To be eligible for an Enhanced DBS check with a check of the children’s barred lists a person needs to be working in the SAME Specified Place, Frequently (once a week or more often or on 4 days or more in a 30 day period) and they MUST have the opportunity for contact with children or carrying out an UNSUPERVISED Specified Activity Frequently (once a week or more often or on 4 days or more in a 30 day period).
To clarify a person does not need to be carrying out an UNSUPERVISED Specified Activity with the SAME child or group of children.
Regulated Activity in relation to Adults from September 2012.
Changes from 10 September 2012
There are no establishments (specified places) for adults.
There is no longer a requirement to do activities a certain number of times before a person is engaging in regulated activity.
Carrying out a regulated activity once is sufficient for persons to be
classed as being in regulated activity.
The definition of vulnerable adults in section 59 of the Safeguarding Vulnerable Groups Act 2006 has been repealed.
1. Regulated activity continues to exclude any activity carried out in the course of family relationships, and personal, non-commercial relationships.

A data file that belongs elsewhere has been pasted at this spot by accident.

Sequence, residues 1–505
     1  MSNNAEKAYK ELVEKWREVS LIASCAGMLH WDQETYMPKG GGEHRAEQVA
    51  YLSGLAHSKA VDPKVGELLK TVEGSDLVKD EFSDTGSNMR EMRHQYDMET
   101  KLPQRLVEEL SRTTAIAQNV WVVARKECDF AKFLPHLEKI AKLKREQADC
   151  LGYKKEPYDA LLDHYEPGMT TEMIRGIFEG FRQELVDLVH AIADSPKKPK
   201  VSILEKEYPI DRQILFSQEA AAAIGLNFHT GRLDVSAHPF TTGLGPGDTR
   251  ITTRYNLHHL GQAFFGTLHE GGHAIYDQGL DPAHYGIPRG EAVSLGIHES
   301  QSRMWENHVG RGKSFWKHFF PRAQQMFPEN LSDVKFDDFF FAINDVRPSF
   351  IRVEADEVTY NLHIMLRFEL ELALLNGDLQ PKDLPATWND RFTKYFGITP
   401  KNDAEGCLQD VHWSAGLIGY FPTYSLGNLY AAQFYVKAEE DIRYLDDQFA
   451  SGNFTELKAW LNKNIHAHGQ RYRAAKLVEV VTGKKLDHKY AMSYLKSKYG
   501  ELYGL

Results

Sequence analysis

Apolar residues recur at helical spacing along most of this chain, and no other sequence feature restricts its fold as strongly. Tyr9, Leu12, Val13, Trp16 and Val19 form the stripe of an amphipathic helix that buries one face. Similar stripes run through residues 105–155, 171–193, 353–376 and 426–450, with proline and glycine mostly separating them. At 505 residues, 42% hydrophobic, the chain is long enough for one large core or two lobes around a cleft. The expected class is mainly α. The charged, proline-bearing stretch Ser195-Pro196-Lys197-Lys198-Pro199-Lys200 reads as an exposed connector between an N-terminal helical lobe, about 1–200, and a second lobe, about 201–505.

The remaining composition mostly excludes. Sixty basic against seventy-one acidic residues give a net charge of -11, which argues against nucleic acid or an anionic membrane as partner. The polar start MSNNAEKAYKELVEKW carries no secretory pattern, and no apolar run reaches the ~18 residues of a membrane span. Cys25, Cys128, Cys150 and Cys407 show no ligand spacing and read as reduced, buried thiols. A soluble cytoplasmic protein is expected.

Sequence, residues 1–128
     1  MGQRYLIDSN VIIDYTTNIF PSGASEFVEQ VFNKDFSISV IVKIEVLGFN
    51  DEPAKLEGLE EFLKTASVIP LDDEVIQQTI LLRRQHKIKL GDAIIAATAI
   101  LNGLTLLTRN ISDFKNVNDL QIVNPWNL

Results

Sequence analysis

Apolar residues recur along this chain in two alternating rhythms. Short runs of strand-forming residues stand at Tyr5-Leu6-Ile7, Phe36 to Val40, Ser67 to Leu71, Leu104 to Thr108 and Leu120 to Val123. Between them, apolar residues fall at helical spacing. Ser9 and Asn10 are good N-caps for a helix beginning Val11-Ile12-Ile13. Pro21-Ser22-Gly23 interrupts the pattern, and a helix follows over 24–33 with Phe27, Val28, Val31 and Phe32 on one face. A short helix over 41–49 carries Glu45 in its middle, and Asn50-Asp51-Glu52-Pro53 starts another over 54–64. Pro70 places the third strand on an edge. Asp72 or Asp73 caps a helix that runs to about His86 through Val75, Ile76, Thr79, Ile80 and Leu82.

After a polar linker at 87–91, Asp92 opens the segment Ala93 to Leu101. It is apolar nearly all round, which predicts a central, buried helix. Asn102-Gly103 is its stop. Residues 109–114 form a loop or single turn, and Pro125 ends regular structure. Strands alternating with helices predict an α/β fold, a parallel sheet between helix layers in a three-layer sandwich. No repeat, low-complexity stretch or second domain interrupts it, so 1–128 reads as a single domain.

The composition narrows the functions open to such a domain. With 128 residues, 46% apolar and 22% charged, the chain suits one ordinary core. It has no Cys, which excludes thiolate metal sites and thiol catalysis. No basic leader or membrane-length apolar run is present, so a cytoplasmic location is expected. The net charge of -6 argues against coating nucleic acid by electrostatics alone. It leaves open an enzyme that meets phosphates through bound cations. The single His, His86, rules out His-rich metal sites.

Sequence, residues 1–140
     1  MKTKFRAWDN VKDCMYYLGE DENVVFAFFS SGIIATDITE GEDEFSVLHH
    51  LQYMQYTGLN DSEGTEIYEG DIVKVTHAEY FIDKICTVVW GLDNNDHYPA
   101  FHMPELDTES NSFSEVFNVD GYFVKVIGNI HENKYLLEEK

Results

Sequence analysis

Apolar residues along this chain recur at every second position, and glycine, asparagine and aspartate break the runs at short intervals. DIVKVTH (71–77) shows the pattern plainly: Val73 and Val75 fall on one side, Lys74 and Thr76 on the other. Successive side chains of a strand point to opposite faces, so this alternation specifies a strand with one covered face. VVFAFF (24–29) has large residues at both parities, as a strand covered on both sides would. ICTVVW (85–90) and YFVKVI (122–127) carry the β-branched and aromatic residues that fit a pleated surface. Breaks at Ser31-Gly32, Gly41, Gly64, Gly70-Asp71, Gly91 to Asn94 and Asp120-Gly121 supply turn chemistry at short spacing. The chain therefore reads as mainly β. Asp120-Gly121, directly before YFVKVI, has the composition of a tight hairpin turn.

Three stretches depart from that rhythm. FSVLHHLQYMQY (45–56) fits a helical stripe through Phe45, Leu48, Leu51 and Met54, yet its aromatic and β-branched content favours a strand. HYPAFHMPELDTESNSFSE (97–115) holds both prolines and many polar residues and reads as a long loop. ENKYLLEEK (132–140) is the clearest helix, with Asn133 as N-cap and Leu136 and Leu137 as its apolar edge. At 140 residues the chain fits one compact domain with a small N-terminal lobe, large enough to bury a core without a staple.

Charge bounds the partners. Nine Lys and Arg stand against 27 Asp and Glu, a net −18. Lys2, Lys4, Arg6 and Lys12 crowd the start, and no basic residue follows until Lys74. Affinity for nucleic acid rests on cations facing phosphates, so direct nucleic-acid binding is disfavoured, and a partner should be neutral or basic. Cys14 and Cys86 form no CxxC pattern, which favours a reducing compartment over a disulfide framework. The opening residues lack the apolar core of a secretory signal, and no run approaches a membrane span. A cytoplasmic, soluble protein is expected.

A. Family relationships involve close family (e.g. parents, siblings, grandparents) and relationships between two people who live in the same household and treat each other as family.
B. Personal, non commercial relationships are arrangements where either no money changes hands, or any money that does change hands is not part of a commercial relationship (for example, gifting a friend money for petrol after they have driven you to the hospital), and the arrangement is made between friends or family friends.
2. An adult is a person aged 18 years or over.
3. A person whose role includes the day to day management or supervision of any person who is engaging in regulated activity, is also in regulated activity.